Sunday, November 4, 2012

Who is Esmil "Ted" Rogers?

Today, word came down that the Blue Jays have sent newly acquired infielder Mike Aviles and Brazilian utility man Yan Gomes to Cleveland for (what else) a Dominican born,2 7 year old relief pitcher - Esmil Rogers.

Photo: Jack Dempsey/AP Photo

Rogers was originally signed by the Colorado Rockies as an infielder in 2003 and began his pro career in the Dominican Summer League in 2003.  He played three seasons in the DSL without much success with the bat.  In 2006, the Rockies converted him into a pitcher and put up some pretty awful numbers in the Advanced-Rookie Pioneer League.  He spent the next two seasons as a starter in the minors and fared much better.  In the South Atlantic (Low A) League, he made 18 starts in 2007 and posted very respectable numbers, including a 3.75 ERA, a 1.42 WHIP, and struck out 90 in 117.2 innings.  In 2008, Rogers was promoted to Modesto in the California league (Advanced A) where he built on the successes of the previous season.  He made 25 starts, amassing 143.2 innings, lowering his WHIP to 1.33, and striking out 116 batters.  In 2009, he split the season between Tulsa of the Texas League (AA) and Colorado Springs of the Pacific Coast League (AAA), and despite some ugly numbers in AAA, he made his major league debut starting the game on September 12, 2009 with 4 innings of 2 run ball. 

In 2010, Rogers split time between the Rockies and their AAA affiliate putting up numbers that may very well be altitude-inflated, and 2011 was more of the same, despite a stint on the disabled list for a lat muscle strain.  Rogers has only really found success at the major league level while pitching in Cleveland for the last half of 2012.  He posted far better numbers in his 53 innings in Cleveland than he ever did in Colorado. 

Rogers tends to keep the ball on the ground (a good thing for a pitcher in Colorado) and in 2012, his first full year as a reliever, was able to strike batters out at a rate of more than 1 per inning and 24% of all batters he faced.  In Colorado, walks had always been a problem for Rogers but he seemed to figure that issue out in Cleveland.  Whether that's an aberration or a permanent fix is unknown at this point, however, from a couple of the appearances that I watched (from September of this year), Rogers' control isn't pinpoint, and he will probably need to be more precise pitching in the AL East.  Interestingly, in 2012, right-handed batters hit better off of him (.817 OPS) than lefties (.676 OPS).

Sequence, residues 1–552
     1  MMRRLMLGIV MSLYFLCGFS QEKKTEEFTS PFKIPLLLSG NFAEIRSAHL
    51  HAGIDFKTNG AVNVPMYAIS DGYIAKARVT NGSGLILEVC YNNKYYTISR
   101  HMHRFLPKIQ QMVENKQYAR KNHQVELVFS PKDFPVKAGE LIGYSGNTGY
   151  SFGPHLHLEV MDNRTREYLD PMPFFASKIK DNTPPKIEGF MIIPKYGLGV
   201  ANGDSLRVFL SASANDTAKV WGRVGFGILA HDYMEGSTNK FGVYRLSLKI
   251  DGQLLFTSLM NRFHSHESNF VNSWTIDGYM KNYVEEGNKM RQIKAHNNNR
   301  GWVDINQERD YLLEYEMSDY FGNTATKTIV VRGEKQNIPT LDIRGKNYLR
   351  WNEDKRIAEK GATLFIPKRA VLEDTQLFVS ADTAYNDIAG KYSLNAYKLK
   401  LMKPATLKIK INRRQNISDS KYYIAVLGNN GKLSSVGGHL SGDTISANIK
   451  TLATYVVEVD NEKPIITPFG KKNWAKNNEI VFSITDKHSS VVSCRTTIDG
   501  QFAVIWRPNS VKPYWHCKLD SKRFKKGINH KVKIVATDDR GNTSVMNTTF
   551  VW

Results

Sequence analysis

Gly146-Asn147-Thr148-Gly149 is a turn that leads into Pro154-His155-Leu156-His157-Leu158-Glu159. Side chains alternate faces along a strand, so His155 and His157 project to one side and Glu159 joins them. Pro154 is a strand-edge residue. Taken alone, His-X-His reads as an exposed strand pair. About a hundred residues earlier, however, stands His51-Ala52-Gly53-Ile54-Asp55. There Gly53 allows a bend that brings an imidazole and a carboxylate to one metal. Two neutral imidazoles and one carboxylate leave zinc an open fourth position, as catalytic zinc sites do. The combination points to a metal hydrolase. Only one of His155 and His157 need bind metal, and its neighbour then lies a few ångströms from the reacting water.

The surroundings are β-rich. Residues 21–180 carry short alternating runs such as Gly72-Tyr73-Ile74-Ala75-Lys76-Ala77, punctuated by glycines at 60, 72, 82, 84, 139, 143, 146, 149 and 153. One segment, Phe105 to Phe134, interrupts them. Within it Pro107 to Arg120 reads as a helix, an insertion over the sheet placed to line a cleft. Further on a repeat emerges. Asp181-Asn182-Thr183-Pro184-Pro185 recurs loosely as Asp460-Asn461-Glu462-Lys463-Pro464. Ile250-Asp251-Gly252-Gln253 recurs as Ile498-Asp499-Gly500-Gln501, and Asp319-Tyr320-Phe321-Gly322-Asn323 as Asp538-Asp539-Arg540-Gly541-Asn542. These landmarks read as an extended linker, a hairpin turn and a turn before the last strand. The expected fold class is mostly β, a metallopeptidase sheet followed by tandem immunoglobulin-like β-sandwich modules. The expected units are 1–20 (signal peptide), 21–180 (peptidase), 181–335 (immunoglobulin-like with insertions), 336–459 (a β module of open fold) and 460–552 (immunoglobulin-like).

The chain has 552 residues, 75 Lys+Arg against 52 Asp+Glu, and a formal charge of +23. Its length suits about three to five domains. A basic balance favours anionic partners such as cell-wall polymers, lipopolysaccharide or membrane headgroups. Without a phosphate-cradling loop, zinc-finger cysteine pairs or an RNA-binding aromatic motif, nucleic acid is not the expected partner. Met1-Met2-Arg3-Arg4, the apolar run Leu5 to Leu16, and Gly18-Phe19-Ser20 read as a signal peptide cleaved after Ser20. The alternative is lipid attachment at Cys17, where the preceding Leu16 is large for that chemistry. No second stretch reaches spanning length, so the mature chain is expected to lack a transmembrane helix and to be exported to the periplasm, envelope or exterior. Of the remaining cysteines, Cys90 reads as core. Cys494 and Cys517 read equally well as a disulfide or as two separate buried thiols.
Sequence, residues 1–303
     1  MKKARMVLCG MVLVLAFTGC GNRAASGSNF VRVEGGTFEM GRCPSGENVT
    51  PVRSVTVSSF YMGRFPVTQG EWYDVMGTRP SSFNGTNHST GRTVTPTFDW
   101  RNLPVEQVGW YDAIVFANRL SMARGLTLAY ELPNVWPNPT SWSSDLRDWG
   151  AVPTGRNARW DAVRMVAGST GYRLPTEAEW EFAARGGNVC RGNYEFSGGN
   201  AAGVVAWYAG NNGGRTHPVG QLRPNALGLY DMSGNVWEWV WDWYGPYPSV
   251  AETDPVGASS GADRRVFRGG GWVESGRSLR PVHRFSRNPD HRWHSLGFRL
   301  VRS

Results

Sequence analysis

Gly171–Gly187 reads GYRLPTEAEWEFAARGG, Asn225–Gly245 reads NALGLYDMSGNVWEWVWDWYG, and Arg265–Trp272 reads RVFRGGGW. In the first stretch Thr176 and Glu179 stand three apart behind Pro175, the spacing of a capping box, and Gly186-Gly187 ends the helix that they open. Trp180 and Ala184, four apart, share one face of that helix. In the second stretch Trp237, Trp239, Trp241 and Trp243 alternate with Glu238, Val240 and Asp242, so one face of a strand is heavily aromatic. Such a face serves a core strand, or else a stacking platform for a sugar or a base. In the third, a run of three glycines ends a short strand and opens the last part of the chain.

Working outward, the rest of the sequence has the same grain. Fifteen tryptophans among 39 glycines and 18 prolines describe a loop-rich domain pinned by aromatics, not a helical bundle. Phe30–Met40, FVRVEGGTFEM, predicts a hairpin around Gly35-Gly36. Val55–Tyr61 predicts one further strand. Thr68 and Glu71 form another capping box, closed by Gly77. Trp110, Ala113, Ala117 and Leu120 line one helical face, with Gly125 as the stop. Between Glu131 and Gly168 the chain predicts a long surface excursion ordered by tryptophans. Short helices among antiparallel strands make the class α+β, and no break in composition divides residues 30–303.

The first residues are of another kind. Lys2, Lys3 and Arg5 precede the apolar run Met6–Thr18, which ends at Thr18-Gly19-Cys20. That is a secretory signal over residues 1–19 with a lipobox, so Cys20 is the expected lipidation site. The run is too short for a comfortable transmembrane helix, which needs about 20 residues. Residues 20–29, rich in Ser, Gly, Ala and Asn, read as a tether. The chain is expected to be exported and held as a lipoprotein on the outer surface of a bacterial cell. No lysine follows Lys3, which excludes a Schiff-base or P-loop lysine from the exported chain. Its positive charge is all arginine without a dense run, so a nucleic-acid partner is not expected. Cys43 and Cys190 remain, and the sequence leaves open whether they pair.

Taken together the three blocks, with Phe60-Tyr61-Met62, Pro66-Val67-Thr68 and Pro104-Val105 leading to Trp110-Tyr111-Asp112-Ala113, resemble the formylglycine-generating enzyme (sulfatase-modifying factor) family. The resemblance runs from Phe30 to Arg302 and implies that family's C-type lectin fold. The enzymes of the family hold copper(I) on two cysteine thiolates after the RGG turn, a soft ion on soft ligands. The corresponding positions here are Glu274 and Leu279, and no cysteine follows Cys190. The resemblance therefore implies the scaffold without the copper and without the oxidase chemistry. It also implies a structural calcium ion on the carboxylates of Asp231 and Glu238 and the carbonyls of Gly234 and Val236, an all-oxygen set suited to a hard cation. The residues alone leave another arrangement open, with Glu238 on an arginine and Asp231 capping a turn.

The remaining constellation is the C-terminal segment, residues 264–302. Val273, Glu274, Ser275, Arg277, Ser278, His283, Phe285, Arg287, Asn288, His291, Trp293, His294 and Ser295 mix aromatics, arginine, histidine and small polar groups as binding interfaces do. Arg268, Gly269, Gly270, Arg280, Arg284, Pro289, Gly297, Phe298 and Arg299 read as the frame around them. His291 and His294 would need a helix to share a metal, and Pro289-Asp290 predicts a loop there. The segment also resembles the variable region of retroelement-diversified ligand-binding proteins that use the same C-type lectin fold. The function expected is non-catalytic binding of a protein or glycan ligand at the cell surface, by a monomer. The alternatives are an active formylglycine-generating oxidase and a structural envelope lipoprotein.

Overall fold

I watched a couple of Rogers's appearances (courtesy of my apparently still valid subscription to and noted that Rogers is a hard throwing righty (averaging over 95) whose velocity seems to come very easily.  His delivery is quite the opposite of a "drop and drive"er like Casey Janssen.  He stands up tall, pitches without much of a wind up and seems to fall off towards first base a little bit (much like Kyle Drabek does when he's struggling) as he follows through.  I noticed a fastball that hit 96 without much apparent effort, a curveball in the low-mid-80s, and a slider in the high-80s.  I couldn't really tell how much movement his fastball had on it.  I noticed that Rogers was most effective when he kept the ball down (like every pitcher), particularly with his slider.  There were a couple of times that he left it up and hitters were all over it.  I liked what I saw out his curveball -- it had quite a sharp break to it and it looked like there wasn't really any difference in his release point or delivery when he threw it.  If he's coming out of the pen full time, there's no reason that his good heat and good curveball shouldn't suffice on their own. 

Daniel George at Jays Journal commented that he thinks that Rogers could take Carlos Villanueva's role as a long-man and spot starter should he sign elsewhere.  Rogers has started 22 games in the majors although the numbers aren't promising (caveat: all the starts were in Colorado). 

From what I saw and what the Cleveland numbers say, Rogers could be a very useful pitcher in the 2012 Toronto bullpen.  Or he could be part of another trade.  It's still early in the off-season.

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